Intermission post by Pierre Lagacé
Gordon flew that plane twice on March 22, 1944!
P-40E AK803 was invoiced to the RAF on October 2nd, 1941. AK803 was accepted by the RAF on 8th Oct 1941, and was delivered on the 15th Oct 1941 in fly away condition. The cost of AK803 was US $36,347.00.
1941: A production order that was intended for the RAF was diverted to the RCAF, on October 16th, 1941, AK803 was the fifth P-40 of 156 to land in Canada. Initially posted to the RCAF Station in Dartmouth Nova Scotia. AK803 was utilized in anti submarine patrols. In June 1942 AK803 and 16 other 118 Squadron Kittyhawks made a record breaking 4,000 mile crossing from Dartmouth to Annette Island, Alaska.
1942: AK803 is located at Annette Island, Alaska. Upon take-off, as the P-40 roared down the rough runway a wheel hit a rough spot and the gear collapsed. Later in 1942 the minor damage caused to the P-40 was repaired and AK803’s British Serial Number was dropped and AK803 became 1034. After its repair it was posted to Boundary Bay, south of Vancouver, British Columbia. The P-40 was used for fighter affiliation work with Liberators and Mitchells stationed in the Vancouver Area. From Vancouver, AK803 made a short flight to Patricia Bay/ Victoria International Airport on Vancouver Island, a Squadron change to 133 RCAF was issued. Upon landing on the runway the landing gear gave way, and the P-40 ended up on its belly. Soon after the P-40 was barged to Coates Limited on Sea Island (now Vancouver International Airport) across the Strait of Georgia for repair and camouflage removal. 1034 was stripped of war paint, polished and sent on a War Bond drive to sit, shining in the sun at Brockton Point Oval in Vancouver. Later the P-40 was ferried back to Patricia Bay where it was stored in bare metal condition until declared surplus in August 1946.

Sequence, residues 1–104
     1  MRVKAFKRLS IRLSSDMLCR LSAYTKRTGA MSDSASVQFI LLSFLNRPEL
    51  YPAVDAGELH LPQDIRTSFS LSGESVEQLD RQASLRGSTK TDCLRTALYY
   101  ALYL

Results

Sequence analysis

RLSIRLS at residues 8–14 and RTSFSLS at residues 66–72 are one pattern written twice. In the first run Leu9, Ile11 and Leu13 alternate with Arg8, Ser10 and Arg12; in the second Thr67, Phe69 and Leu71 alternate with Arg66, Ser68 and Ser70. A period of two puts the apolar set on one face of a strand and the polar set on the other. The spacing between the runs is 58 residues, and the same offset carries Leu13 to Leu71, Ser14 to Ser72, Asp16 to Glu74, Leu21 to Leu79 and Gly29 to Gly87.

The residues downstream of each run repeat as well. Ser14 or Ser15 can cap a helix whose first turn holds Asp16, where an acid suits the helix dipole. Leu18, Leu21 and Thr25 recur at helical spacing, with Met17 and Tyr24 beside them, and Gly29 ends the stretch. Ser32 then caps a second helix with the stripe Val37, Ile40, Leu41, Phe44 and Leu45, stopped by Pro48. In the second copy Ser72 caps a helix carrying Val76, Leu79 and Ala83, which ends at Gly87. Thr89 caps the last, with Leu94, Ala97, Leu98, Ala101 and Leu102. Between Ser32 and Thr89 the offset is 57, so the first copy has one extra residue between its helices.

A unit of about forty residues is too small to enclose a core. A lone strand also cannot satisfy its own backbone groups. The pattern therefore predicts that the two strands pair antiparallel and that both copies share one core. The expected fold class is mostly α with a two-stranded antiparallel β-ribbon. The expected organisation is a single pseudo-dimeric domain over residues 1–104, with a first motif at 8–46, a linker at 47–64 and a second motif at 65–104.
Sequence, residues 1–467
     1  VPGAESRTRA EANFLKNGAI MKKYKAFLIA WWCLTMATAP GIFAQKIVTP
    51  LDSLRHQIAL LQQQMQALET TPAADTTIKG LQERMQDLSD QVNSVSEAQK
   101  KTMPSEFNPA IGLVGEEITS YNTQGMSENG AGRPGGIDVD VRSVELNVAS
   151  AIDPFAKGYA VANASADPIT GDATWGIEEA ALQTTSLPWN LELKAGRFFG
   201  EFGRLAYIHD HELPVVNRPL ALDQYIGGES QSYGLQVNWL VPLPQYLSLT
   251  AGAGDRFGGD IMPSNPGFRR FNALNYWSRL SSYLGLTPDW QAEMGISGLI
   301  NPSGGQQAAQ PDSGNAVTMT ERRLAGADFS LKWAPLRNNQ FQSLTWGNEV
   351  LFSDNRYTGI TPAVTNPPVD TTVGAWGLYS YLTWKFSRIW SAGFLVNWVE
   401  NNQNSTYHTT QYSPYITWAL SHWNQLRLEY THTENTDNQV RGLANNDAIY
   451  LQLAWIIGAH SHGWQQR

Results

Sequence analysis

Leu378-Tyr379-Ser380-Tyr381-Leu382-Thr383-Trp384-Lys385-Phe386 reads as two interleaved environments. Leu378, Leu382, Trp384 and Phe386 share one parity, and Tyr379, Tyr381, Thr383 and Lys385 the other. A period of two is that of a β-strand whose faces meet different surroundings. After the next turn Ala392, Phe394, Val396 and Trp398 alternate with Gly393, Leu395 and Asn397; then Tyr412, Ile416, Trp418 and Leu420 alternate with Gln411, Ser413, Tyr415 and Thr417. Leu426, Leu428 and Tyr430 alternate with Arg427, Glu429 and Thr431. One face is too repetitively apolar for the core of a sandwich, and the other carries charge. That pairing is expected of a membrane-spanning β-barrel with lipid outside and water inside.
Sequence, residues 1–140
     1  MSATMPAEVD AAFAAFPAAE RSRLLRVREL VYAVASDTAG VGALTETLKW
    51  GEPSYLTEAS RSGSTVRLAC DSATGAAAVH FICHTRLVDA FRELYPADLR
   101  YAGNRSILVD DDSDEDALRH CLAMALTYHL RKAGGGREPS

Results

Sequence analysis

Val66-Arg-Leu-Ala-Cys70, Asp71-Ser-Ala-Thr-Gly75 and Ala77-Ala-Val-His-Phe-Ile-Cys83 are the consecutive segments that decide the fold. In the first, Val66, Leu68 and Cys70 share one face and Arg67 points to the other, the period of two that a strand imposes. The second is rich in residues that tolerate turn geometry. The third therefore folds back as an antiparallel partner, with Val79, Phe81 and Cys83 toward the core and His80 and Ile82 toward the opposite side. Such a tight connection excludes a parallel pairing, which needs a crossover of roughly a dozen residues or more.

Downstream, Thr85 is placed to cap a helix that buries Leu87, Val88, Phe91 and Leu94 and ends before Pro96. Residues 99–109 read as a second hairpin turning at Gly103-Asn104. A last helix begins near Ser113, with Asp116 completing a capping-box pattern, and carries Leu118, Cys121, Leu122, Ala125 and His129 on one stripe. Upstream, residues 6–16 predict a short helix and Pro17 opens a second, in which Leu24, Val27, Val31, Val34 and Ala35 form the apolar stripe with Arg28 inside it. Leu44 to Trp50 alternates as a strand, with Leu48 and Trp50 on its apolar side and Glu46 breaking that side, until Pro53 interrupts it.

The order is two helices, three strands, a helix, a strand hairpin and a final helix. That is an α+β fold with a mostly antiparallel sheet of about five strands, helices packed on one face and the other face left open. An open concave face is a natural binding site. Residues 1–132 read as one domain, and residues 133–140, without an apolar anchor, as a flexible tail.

1946: George Maude, who grew up on Saltspring Island joined the RCAF in 1943. He was posted to Patricia Bay and had a fond interest in aircraft. After the war ended the RCAF held a surplus sale and 1034 came up for auction. George Maude paid $50 for the Kittyhawk. Later that same year, Maude, along with some help from a friend by the name of Pete Stevens, towed the Kittyhawk , on a raft of logs, from Patricia Bay, to Saltspring Island, BC. Upon reaching Saltspring the wings had to be cut off to clear the telephone poles that lined the street leading to the Maude Family house. The aircraft remained on Saltspring for 28 years and was frequently started up. The P-40 was a well known tourist attraction on the Island.
1974: The P-40, with the tail wheel placed in a wooden box in the back of a pickup truck boarded the Saltspring Queen, a local BC Ferry, and headed back to Patricia Bay, where a full wing change took place. The wing change took place first by removing the old cut up wings and there after replaced with a pair that George Maude had found in Champion, Alberta, in 1963, To the present day the Kittyhawk is credited as being one of the most original P-40s in existence, with the exception of the six 50 inch caliber machine-guns. Since the restoration George Maude, and son David Maude have collected many spare parts, including a long-range belly fuel tank and the radios.
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Colorised by Pierre Lagacé